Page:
Pensioner bonds: a guide to the fixed-rate savings bonds for over-65s

If you’re 65 or over and looking to earn a decent rate and guaranteed income growth on your savings, one option is pensioner bonds. These bonds can be a good choice for anyone looking to invest a lump sum in government-backed National Savings & Investments (NS&I).

Find out more about pensioner bonds including what they are, who they’re suitable for and how to apply, in our guide.

What are pensioner bonds?

Pensioner bonds are fixed-rate savings bonds from government-backed NS&I. They’re officially called 65+ Guaranteed Growth Bonds, but are sometimes referred to as pensioner’s guaranteed income bonds.

The government launched them in January 2015 to help people aged 65 or over get more interest on their savings. That issue of bonds was on sale until 15 May 2015.

A fixed-rate savings bond is a type of savings account. You invest a lump sum for a set period of time (the term). The interest rate is fixed at the start and stays the same for the whole term.

Read our guide to Savings Bonds.
Read our guide to National Savings & Investments.

Why might I want one?

  • NS&I income bonds often pay market-beating rates. There is a one-year bond paying 2.8% and a three-year one paying 4%. These are gross rates (before tax). At the end of January 2015, the best one-year bond from a bank or building society paid 1.9% and the best similar three-year one paid 2.41% (Source: Moneyfacts).
  • Your savings are secure and 100% backed by HM Treasury.

Things you need to know about pensioner bonds

  • The bonds don’t pay a regular income. Interest is added to your account on each anniversary and paid at the end of the term.
  • The interest is taxable and is paid with 20% tax taken off. If you’re a higher-rate or additional-rate taxpayer you have to declare the interest to HMRC and pay the extra tax due. If you’re a non-taxpayer or pay 0% on your savings income, you can apply for a refund of the tax using form R40. From 6 April, 2016, the rules for tax on savings interest are changing. From that date, interest will be added to these bonds without basic-rate tax deducted.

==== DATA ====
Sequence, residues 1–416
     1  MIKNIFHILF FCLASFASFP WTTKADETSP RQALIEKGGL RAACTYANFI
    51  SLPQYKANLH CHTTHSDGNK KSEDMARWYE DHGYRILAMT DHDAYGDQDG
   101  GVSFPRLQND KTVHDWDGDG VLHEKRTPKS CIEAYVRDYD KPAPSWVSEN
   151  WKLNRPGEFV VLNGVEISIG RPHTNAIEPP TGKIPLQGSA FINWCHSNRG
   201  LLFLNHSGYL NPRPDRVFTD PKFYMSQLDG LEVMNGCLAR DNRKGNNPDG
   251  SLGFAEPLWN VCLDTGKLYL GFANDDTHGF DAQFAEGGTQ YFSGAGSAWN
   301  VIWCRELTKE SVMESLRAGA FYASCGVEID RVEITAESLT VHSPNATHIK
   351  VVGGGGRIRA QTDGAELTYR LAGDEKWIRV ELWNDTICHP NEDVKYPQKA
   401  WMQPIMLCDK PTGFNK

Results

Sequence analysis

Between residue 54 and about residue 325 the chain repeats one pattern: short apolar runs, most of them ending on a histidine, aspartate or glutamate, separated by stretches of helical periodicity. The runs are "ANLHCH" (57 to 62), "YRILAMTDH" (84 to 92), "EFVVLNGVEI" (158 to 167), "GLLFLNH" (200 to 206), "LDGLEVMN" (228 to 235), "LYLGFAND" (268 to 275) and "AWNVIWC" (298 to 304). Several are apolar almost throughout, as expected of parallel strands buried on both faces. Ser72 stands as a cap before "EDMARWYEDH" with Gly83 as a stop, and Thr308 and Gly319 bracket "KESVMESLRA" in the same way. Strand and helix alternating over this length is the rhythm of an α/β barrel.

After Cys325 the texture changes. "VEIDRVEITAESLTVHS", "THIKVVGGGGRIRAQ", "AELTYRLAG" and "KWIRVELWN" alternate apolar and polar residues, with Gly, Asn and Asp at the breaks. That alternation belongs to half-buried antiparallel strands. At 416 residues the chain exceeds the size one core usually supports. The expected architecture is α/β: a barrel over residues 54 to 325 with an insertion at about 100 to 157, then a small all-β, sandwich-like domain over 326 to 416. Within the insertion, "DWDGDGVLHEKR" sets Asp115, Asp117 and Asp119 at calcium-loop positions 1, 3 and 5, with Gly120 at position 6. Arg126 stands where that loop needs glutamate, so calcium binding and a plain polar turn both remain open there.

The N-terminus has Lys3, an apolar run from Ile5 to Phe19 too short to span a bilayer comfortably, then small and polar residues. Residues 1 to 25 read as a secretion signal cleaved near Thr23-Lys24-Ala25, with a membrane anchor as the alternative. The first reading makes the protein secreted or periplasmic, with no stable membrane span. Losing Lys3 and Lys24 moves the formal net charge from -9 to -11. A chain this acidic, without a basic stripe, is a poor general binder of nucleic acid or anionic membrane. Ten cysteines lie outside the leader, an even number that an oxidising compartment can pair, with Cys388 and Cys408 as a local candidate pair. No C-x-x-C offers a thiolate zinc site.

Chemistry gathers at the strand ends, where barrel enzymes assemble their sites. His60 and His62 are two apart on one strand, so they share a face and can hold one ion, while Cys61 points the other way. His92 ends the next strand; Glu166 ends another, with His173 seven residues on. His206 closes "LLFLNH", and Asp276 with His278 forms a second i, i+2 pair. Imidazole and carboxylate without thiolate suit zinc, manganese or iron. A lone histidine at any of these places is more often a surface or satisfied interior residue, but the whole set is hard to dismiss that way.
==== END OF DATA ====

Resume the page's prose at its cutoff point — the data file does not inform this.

• If you take out any money during the term of your guaranteed income bond, you’ll pay a penalty of 90 days’ interest on the amount you’ve withdrawn.
  • There’s no cooling-off period. If you cash in your bond within the first 90 days, you’ll get back less than you invested because of the 90-day interest penalty.
  • If you have a Lasting Power of Attorney or a Court of Protection Order for someone, you can apply on their behalf.

The Personal Savings Allowance

As of April 2016 you are entitled to a personal savings allowance. This means you don’t pay tax on the first £1,000 you earn from savings (or the first £500 if you’re a higher rate taxpayer).

Find out more about the Personal Savings Allowance.

How much can I invest?

  • You can invest from £500 to £10,000 in both the one-year and three-year bond. The maximum overall investment is £20,000.
  • You can apply jointly with someone else as long as that person is also at least 65. The same investment limits apply for joint applications. A couple, for example, could invest up to £20,000 in each bond, giving them a maximum investment of £40,000 between them.

The government set a £10 billion overall limit on the amount that could be invested in this issue of the bonds.

Top Tip

Check how the rates after tax compare to the rate you could get on a fixed-rate cash ISA. The advantage of an ISA is that your money is protected from tax for as long as you keep in it in the ISA.

How do I apply for one?

You’re too late for the first issue but other but other releases of the bond may become available. Applications were by phone, post or online. Attorneys or deputies making an application under a Lasting Power of Attorney or Court of Protection Order have to apply by post.

For more information, visit the NS&I websiteopens in new window.

Did you find this guide helpful?